Nettsider med emneord «Climate Change»
In this talk, professor of design history Kjetil Fallan, explores design interventions at, and in the wake of, the United Nations Conference on the Human Environment in Stockholm 1972. What can design activism tell us about the conference's influence on future political decision-making? Or about the development of environmental thinking and ecologically informed design ideology in Scandinavia?
We are very happy to announce that environmental historian Libby Robin has joined the Oslo School of Environmental Humanities as a visiting scholar! While she is here, she will participate at the workshop on Antarctica and Rights of Nature as a commentator, and hold the inaugural lecture for the Anthropogenic SOILS project.
What roles can museums and collections play, in the growing need to convey polyphonic narrations on climate change? In this presentation, Lotten Gustafsson Reinius discusses the multi-disciplinary dialogues and other co-curations as a tentacular weaving across differing knowledge regimes, scales and temporalities.
This talk by Dr. Rahul Ranjan, political anthropologist at the Oslo Metropolitan University, presents a case study of 'climatic event' in Uttarakhand, India, to demonstrate how aggressive development projects such as dams are increasing the frequency of disaster.
How can material approaches contribute new insights on the history and present of infectious diseases in a climate perspective? Senior curator and historian Ageliki Lefkaditou will explore the case of malaria with the help of a series of museum objects being prepared for display in an exhibition on climate change.
Partnering with the Royal University of Bhutan’s College of Language and Culture Studies (CLCS), Dr. Riamsara is conducting field and desk-based research with Lopen Choni Tshewang and Lopen Doriji Gyeltshen.
How to better understand predicaments of environmental uncertainty? Felix Riede, Professor of Climate Change Archaeology and Environmental Humanities and OSEH Professor II, presents the 'palaeoenvironmental humanities' and its prospects to open up new interpretive and comparative terrain for the examination of human-climate relations.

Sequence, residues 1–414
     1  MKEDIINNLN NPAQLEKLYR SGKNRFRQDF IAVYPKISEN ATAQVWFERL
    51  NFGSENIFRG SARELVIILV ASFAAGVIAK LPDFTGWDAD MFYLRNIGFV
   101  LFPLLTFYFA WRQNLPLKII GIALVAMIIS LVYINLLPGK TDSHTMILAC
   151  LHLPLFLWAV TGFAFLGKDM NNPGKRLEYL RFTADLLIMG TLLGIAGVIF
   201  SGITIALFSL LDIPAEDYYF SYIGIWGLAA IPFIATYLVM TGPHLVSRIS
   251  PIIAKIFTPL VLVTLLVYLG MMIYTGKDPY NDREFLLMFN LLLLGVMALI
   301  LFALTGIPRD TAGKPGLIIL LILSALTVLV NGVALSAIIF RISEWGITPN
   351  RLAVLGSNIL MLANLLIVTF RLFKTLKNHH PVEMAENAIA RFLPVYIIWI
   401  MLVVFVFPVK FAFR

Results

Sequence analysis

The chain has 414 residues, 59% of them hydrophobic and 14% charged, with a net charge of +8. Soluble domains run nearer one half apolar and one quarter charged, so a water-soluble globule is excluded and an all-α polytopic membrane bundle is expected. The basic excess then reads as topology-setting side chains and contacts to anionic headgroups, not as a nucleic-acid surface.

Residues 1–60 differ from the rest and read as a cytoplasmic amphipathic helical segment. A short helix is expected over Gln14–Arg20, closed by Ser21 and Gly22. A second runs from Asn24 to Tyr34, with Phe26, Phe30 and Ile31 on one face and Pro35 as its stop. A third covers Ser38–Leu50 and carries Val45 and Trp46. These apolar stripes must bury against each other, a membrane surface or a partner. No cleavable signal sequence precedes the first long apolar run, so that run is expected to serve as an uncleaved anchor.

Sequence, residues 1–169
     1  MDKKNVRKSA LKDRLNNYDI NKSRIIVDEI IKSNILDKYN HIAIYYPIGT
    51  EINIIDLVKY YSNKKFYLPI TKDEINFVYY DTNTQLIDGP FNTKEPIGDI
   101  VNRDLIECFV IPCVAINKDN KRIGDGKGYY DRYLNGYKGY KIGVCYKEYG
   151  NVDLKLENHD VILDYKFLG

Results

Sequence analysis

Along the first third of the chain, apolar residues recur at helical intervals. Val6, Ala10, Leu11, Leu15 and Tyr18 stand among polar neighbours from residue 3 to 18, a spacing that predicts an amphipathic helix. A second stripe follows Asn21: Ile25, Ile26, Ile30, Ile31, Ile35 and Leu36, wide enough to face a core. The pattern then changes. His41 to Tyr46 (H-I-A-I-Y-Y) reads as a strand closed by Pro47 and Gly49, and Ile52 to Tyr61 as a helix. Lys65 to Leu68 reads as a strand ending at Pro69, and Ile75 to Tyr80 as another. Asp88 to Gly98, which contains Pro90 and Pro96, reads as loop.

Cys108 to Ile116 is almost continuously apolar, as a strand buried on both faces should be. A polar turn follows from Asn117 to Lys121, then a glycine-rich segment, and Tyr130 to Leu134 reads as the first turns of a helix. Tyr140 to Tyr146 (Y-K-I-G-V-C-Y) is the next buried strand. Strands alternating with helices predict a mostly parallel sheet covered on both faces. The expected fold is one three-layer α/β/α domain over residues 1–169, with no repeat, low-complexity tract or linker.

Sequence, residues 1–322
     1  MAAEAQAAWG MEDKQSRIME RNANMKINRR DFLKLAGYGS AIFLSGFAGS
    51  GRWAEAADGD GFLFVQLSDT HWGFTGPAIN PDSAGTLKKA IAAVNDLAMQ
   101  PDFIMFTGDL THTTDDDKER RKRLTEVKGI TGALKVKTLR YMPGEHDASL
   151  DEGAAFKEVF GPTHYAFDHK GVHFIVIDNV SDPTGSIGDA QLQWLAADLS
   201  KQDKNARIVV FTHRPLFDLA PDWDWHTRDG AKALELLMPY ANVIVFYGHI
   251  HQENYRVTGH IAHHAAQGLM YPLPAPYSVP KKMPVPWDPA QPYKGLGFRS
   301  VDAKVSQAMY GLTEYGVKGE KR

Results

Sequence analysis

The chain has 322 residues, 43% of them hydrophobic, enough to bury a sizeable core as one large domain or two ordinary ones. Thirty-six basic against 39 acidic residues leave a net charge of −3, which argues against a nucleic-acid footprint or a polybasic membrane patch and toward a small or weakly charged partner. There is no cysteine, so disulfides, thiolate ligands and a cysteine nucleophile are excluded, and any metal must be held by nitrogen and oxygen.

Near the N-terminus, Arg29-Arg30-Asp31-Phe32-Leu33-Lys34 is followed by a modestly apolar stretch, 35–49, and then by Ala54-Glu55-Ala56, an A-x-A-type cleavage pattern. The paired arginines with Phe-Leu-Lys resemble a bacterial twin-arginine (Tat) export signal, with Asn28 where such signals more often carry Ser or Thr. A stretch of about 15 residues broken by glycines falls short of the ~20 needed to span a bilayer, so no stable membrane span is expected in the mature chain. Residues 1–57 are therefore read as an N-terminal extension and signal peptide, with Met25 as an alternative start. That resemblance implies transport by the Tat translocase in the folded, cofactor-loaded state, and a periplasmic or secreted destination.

What role does energy play in fighting climate change and achieving more sustainable societies? Vebjørn Bakken, theoretical chemist and director of UiO:Energy, presents the work of UiO:Energy, its interdisciplinary approach, and why there is a need for such an initiative.
Earth system scientist Jana Sillmann introduces her work for the Intergovernmental Panel on Climate Change (IPCC) and shows how climate extremes and their associated risks are assessed across disciplines.
Can musical aesthetics register the turbulence of living together with volcanoes? Tore Størvold talks about geosociality and the ecocritical analysis of Icelandic music.
Can we integrate art and academic practice to find new ways of representing other-than-human species? How do we engage in storytelling that adequately describes our kinship with the more-than human world?
How have past societies dealt with climate change? Dominik Collet talks about new approaches in the emerging field of climate history.
How do people’s experiences and fears of air pollution transform into new visions of sustainability and creative forms of action? We have invited Mette Halskov Hansen to talk about the Airborne project, exploring the human dimensions of air pollution in China.
Is it time to tell a new story about climate change? Karen O'Brien talks on the potential of stories to empower social change.
What is the relationship between education and sustainable development? Elin Sæther talks about COSER, a research initiative aiming to explore education in light of today's complex sustainable development issues.
Elisabeth Ulrika Sjødahl from the Oslo School of Architecture and Design talks about Beautiful Landscapes and Heavy Pollution.
The Oslo School of Environmental Humanities (OSEH) celebrates its official opening on 1 November 2019 at SALT, a nomadic art space located at Oslo’s harbor.
Can we extract water from Antarctic icebergs? Dr Julia Jabour from the University of Tasmania talks on efforts to design a legal regime to regulate iceberg harvesting.